Diet culture is undeniably toxic; however, toxic load is killing us. Many people become stuck in adequately caring for themselves when they realize they are approaching what and how they eat through a traumatizing conditioned lens, but also are aware that their consumption habits are not serving them. It can feel "damned if you do and damned if you don't," and it leads many to stay stuck in patterns that don't feel good one way or another.
The way through is by using both the head and the heart - taking information/science wisdom through our body wisdom to come to a truth that fully serves us. We deserve to be fully nourished by all things life affirming. Wrapping our brain around what is generally good for us and generally not good for us is important, and making new consumption habits from a place of compassion and unconditional love is also important. Nourishing ourselves is about what we consume AND how we feel about ourselves in doing so.
There are no formal definitions for detox or cleanse. Sometimes the words and concepts are used interchangeably, and sometimes they each have a distinct focus. The body naturally works to eliminate toxins perpetually. Problems arise when a person is born with a predisposition for detoxification imbalance due to genetics, developmental abnormalities or birth trauma and/or experiences acute or chronic toxic exposure (and/or micro and macro trauma without proper processing) at any point in life (including in-utero). This can lead to an inability of the body to detoxify properly, resulting in (or furthering) an imbalance, and potentially lead to injury and/or disease (or cause additional injury and/or disease).
The Agency for Toxic Substances and Disease Registry (ATSDR), a federal public health agency of the U.S. Department of Health and Human Services, has developed succinct definitions regarding toxicology terms. Though they use the term chemical, they do not provide a definition of a chemical. All matter (anything that has mass and occupies space) is made up of chemicals. An element is a chemical substance that is made up of only one type of atom. Few elements exist in nature in pure form. Non-elemental chemicals are any substance, natural or synthetic, that have a defined elemental composition. Energy, light, heat, sound, thoughts, dreams, gravity, and magnetism fall outside of the chemical definition; however, they can directly (or indirectly) lead to cellular damage and can also be considered toxic under certain circumstances.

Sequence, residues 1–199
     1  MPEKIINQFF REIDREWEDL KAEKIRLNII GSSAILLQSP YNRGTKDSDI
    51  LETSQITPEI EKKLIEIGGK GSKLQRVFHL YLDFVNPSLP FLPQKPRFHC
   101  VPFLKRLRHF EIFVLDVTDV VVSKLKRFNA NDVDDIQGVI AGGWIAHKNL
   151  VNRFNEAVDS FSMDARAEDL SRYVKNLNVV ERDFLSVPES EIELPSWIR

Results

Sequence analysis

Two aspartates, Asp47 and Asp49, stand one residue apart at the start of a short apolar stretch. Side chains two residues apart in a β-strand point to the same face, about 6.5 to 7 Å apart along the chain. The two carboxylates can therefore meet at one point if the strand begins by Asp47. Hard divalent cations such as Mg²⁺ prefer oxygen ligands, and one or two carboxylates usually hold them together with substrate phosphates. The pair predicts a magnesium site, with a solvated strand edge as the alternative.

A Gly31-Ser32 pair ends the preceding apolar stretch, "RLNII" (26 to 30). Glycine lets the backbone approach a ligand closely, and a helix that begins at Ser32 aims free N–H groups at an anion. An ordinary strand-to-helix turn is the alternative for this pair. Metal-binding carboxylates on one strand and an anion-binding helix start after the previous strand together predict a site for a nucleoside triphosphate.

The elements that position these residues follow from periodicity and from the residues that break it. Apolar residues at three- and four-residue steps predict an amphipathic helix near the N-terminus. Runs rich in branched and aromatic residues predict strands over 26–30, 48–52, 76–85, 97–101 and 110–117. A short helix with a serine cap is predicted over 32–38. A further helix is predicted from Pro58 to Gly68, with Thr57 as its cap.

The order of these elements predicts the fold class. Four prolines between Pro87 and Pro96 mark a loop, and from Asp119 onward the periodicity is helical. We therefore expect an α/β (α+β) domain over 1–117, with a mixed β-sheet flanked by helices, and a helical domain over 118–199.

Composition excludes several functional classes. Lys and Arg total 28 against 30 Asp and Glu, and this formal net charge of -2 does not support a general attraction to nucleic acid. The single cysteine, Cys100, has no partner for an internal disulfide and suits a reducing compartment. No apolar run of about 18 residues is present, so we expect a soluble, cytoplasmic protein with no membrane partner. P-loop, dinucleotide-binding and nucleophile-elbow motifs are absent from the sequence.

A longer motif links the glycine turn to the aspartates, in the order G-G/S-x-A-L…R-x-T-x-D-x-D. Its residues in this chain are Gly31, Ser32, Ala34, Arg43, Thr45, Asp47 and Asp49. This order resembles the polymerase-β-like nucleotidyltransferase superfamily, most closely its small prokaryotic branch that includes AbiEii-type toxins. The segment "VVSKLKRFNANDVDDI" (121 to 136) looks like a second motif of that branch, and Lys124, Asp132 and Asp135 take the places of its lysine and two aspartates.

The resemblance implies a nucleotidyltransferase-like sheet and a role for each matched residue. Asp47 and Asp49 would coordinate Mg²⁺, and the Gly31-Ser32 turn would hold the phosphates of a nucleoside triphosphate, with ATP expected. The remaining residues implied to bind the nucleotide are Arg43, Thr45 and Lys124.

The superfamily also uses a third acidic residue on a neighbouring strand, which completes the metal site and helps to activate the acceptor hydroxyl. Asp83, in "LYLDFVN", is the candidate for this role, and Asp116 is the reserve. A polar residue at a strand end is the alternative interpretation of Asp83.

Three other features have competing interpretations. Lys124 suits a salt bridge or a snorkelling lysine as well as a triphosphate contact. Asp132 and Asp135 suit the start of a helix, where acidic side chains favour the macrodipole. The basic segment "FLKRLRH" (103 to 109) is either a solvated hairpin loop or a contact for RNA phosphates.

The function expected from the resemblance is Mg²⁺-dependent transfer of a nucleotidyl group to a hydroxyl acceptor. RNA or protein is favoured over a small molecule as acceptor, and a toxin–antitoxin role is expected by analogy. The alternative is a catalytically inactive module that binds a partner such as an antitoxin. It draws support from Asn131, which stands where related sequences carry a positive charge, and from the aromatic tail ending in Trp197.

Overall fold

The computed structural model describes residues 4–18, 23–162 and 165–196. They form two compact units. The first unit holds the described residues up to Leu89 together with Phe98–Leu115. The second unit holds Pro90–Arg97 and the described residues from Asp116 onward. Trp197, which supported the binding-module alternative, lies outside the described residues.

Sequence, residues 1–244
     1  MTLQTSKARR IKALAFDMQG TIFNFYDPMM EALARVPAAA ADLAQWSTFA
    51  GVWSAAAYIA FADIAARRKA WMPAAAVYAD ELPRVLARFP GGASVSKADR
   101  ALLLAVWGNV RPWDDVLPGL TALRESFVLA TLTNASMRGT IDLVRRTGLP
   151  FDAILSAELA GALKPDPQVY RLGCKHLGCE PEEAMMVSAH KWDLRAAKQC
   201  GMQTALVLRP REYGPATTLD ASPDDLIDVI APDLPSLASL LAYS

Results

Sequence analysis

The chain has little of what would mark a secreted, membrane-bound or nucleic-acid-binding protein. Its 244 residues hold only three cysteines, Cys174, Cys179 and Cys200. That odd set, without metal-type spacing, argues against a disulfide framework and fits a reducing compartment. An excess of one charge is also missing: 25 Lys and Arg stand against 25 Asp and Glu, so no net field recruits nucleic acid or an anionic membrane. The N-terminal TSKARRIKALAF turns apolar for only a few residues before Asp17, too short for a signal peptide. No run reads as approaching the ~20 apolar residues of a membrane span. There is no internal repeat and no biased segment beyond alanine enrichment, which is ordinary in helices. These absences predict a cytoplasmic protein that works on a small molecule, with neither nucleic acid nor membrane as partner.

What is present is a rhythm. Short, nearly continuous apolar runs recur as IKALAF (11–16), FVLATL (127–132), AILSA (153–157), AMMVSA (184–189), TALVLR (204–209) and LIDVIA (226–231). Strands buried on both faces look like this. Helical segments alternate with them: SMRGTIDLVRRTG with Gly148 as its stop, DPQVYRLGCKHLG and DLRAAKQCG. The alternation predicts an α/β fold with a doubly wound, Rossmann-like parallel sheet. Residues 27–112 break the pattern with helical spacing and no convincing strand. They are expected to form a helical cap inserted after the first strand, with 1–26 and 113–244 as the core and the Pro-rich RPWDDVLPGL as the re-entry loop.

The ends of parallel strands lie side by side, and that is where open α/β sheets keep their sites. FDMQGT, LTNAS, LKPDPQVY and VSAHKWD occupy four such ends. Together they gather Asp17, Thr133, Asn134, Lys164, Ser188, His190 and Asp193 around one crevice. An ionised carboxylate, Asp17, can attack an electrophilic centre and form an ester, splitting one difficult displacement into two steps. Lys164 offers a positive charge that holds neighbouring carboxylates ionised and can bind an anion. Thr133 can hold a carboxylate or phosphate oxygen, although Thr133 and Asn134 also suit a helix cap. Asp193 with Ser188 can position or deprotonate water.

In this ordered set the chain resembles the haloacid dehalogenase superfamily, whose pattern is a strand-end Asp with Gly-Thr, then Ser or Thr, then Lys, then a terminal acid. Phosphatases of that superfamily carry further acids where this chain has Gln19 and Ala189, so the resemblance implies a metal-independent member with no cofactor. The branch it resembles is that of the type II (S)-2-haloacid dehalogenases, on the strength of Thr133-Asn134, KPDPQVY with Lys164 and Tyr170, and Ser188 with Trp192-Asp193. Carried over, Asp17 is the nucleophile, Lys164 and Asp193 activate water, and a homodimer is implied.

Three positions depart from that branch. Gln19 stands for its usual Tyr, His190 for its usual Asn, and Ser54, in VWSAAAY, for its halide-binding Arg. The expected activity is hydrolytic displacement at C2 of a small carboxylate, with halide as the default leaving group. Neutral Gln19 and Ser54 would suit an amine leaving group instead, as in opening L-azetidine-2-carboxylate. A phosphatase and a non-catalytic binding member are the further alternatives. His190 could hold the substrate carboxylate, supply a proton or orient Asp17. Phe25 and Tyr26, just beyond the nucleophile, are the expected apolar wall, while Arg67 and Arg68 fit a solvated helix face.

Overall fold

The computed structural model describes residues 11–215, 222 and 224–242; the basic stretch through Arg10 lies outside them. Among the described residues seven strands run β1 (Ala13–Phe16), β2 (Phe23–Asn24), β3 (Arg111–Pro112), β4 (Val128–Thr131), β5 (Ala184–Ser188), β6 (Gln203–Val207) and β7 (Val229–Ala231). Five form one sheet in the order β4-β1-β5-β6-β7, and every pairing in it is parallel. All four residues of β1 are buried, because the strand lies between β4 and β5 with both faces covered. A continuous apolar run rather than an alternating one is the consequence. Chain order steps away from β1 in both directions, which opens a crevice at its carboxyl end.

Toxic - poisonous or deadly effects on the body by inhalation (breathing), ingestion (eating), absorption, injection, or by direct contact with a chemical.
Toxicant - any chemical that can injure or kill humans, animals, or plants; a poison.
Toxin - any poisonous substance that reacts with specific cellular components to kill cells, alter growth or development, or kill the organism.
Acute exposure - contact with a substance that occurs once or for only a short time (up to 14 days)
Intermediate duration exposure - contact with a substance that occurs for more than 14 days and less than a year
Chronic exposure - contact with a substance that occurs over a long time (more than 1 year (https://www.atsdr.cdc.gov/es/training/toxicology_curriculum/modules/1/module-1.pdf)